Ok, well so i was born obviously with OC1 Albinism, so it affects everything, so when i was born, diagnosed at six months old i was literally always went to the health clinic, i was there every six months until i was sixteen.
Now, got to be honest the whole way through personally for me i don’t have anything bad to say its been a really positive experience. I was brought up pretty much in the eye clinic and by the time i was six and seven it was just a normal thing to do, i went through nursery, through reception, year one. The practitioners there were always respectful to me the whole way through. Like the options i had, for care and treatment was fantastic, the amount of glasses i was offered, i had bifocals and i can’t fault the amount of options i had to try and improve my quality of life.
The only side when i was young that was missing would be missing the emotional side, i never really felt in the clinic i had anyone really to talk to as such. I was always treated like an adult and i didn’t ever feel like i had a visual impairment, i was treated so spot on and perfectly, but it was never anyone to turn to, there was nobody i could ask for information to ask more questions and such, and although it was a really positive experience and smooth looking back when i kind of got to my teens it would have been a really helpful area to have.
As i grew olders i’ve sort of had various issues with my eyes, and for the last four years i’ve had a problem that nobody’s been able to solve and that’s nobody’s fault that life, you can know as much as you can know and i can’t always find the answer to everything, can’t expect everyone to know the answer to everything and i don’t, especially with eyes.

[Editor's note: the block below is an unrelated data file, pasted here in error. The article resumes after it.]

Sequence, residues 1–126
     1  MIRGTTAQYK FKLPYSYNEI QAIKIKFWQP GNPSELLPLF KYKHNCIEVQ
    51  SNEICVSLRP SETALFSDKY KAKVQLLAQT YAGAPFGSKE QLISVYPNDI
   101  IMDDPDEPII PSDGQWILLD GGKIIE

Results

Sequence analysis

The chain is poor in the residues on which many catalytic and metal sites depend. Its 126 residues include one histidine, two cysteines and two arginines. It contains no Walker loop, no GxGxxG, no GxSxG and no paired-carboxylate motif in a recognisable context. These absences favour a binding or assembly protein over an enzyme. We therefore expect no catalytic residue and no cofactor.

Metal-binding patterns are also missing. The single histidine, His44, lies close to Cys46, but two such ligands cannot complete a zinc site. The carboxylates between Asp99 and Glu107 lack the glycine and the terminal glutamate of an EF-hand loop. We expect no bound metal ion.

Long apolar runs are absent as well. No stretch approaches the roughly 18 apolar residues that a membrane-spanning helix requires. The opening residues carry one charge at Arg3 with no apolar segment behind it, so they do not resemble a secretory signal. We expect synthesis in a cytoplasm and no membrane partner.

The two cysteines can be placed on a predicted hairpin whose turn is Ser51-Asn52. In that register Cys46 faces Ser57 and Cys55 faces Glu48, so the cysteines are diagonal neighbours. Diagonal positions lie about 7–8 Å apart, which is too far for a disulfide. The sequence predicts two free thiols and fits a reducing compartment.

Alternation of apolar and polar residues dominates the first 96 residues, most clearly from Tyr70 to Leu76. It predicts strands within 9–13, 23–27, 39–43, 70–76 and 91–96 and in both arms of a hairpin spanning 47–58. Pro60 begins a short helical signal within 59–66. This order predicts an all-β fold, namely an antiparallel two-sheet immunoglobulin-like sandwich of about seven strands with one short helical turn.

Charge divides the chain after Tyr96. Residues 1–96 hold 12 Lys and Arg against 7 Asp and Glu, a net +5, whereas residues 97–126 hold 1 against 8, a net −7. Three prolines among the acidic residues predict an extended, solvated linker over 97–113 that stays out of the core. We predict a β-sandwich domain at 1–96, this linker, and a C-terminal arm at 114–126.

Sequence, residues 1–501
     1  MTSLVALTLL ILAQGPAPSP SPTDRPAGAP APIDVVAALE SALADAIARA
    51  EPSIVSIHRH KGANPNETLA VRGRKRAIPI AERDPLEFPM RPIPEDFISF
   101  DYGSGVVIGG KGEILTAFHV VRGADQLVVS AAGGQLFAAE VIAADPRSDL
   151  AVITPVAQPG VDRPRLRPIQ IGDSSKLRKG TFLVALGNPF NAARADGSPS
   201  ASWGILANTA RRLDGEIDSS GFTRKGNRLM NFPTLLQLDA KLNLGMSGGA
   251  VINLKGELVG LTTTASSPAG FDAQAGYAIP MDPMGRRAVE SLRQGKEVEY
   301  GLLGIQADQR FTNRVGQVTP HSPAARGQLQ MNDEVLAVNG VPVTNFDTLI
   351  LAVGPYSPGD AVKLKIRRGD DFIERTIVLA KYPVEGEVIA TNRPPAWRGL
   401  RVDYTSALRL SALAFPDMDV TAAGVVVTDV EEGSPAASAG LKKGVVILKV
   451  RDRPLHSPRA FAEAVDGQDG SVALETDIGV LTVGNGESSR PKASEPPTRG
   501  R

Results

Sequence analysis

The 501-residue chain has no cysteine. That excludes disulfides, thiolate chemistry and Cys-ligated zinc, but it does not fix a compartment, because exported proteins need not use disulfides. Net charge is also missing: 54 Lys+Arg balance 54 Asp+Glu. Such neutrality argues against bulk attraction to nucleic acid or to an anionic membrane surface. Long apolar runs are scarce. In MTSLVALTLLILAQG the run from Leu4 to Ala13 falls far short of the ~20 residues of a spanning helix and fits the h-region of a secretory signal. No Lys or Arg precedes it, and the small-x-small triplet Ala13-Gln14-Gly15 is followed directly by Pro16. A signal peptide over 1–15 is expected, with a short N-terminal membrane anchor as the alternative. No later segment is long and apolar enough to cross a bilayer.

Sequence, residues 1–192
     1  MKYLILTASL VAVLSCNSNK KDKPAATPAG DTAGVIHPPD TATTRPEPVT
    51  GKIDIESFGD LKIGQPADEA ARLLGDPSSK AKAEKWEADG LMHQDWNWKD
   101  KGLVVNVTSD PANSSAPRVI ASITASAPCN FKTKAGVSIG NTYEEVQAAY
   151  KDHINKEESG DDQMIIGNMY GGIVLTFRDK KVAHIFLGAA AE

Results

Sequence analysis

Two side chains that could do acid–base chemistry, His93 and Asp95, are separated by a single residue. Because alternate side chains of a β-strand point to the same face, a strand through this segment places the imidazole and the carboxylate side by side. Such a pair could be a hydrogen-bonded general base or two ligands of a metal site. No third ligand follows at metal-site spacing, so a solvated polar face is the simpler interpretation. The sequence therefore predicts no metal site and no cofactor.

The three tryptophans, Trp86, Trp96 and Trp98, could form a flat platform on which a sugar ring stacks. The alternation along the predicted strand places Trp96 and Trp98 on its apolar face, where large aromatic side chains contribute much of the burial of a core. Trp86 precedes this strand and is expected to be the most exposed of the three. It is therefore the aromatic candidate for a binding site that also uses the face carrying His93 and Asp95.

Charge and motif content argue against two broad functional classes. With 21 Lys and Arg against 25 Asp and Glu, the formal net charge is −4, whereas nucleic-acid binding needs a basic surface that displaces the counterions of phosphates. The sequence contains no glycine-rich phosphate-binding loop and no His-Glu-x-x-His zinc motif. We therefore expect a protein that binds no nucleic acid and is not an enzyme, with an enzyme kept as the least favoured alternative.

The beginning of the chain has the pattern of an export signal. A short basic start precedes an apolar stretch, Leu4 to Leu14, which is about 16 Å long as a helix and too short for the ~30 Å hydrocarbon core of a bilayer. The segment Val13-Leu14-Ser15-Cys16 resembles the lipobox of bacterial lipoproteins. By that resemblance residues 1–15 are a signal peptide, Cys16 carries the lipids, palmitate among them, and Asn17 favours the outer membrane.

I’ve been put on medication quite recently and i’ve been given like a six month course of sort of, i’ve researched them and found out there antibiotics and eye drops and i don’t even really understand the problem with my eyes to know why i’m taking this and i haven’t really taken it at all because i’m really reluctant to take it because i don’t know and that concerns me to take medication that i don’t know 100% what it’s for and i don’t 100% know what’s wrong with my eyes.
But now i’ve recently heard that theres and introduction of something called an ECLO (Eye Care Liaison Officer) that you’ll be able to ask more questions and i mean like for issues i’ve had like this, that would be fantastic if that is an option. Because really that’s the biggest problem i’ve had, because not understanding is a good thing, because i understand optometrists are seeing hundreds of people a day but to be able to turn to somebody and have that would be a big thing. i mean especially when i was growing up i don’t think it now but i had a lot of troubles and the emotional side would have been a really good aspect to cover, i’m just really happy to hear that’s being recognized for sort of the first time, i’m really happy to hear that.
I’ve been registered blind from a very early age, my condition, achromatopsia, is from birth. So i don’t really remember my diagnosis or the process that my parents went through to get my diagnosis. I’ve heard stories that it wasn’t easy, that they, my parents weren’t taken seriously to begin with, they weren’t really believed and that it was very difficult for them. They also said at times they didn’t feel there was much support for them, Visual Impairment doesn’t just affect me you know, it affects my whole family, particularly at that young age.
So, i’ve heard those stories from other Visually Impaired people i know i’ve heard, dare i say it horror stories about what’s happened to them in the eye clinics. But i guess i’m quite lucky, to my knowledge when we met Margaret Woodhouse, all of the pieces of the puzzle came together and so all my memories of going to the eye clinic, they’re all quite possitive because of her.
I know a lot of kids would have dreaded having to go and get their eyes tested and at times quite intrusive tests but i don’t think i minded all that much and i still don’t, i’m lucky, i’m aware of that.